DOI: 10.1161/circ.148.suppl_1.16063 ISSN: 0009-7322

Abstract 16063: African American's Are Prescribed Direct Oral Anticoagulants at Lower Rate Than White Patient's in an Inpatient Cohort With Diagnosis of Atrial Fibrillation

Lowell Safren, Krystal Hunter, Andrea M Russo
  • Physiology (medical)
  • Cardiology and Cardiovascular Medicine

Introduction: Previous studies have demonstrated racial disparities in the treatment of atrial fibrillation (AF). Potential explanations for disparities in care include cost and insurance coverage issues. This has not been examined in relation to anticoagulation (AC) therapy for thromboembolic prophylaxis of AF in a more contemporary practice using an inpatient cohort.

For hospitalized patients with AF, is there disparity in the rate of prescription of direct oral anticoagulant (DOAC) therapy at discharge for Black compared to White patients?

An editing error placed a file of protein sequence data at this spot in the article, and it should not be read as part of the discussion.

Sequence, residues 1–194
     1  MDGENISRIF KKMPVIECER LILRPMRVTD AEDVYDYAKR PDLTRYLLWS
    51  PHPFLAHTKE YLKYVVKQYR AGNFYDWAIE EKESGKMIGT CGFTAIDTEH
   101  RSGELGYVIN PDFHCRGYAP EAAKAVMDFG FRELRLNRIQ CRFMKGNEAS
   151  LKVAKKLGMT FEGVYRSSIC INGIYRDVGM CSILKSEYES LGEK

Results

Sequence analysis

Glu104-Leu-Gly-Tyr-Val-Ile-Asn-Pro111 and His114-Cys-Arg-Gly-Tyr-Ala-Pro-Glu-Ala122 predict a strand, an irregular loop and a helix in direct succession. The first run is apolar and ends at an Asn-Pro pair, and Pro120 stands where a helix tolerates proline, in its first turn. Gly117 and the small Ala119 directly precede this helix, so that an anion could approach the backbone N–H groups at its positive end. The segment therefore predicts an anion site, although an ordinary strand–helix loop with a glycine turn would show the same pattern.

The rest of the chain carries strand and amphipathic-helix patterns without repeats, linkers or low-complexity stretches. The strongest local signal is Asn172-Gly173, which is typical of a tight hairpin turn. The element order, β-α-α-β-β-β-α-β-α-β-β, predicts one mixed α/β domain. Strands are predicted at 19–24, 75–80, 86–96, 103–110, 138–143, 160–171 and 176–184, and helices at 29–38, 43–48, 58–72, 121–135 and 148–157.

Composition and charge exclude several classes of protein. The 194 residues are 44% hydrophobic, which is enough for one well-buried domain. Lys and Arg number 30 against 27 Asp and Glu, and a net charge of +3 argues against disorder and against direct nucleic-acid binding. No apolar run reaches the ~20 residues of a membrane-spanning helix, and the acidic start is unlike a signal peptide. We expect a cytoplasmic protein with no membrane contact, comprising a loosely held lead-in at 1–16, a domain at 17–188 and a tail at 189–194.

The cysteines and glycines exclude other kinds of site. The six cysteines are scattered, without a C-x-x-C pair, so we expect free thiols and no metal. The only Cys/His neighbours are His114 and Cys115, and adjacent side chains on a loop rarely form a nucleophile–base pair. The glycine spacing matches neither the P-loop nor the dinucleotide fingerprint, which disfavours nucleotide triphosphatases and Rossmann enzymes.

Methods: A single-center retrospective query of all patients hospitalized at a University Hospital with a primary or secondary diagnosis of “AF” in 2022 and a prescription for AC at time of discharge was performed using EPIC. Baseline characteristics and AC prescription were compared between Black and White patients using the χ2 test for categorical variables and t test for continuous variables.

Results: There were 275 patients that met the inclusion criteria. Demographics were 38.2% female, 66.5% White, and 14.9% Black (Table). DOAC was prescribed at discharge for 66.1% of White and in 55.0% of Black patients (p=0.01). The distribution of type of AC prescribed at discharge is shown (Figure).

There is an ongoing racial disparity in the rate of DOAC prescription in hospitalized patients with AF, despite similar insurance status. Further investigation into underlying reasons for these differences and ways to eliminate disparities is warranted.

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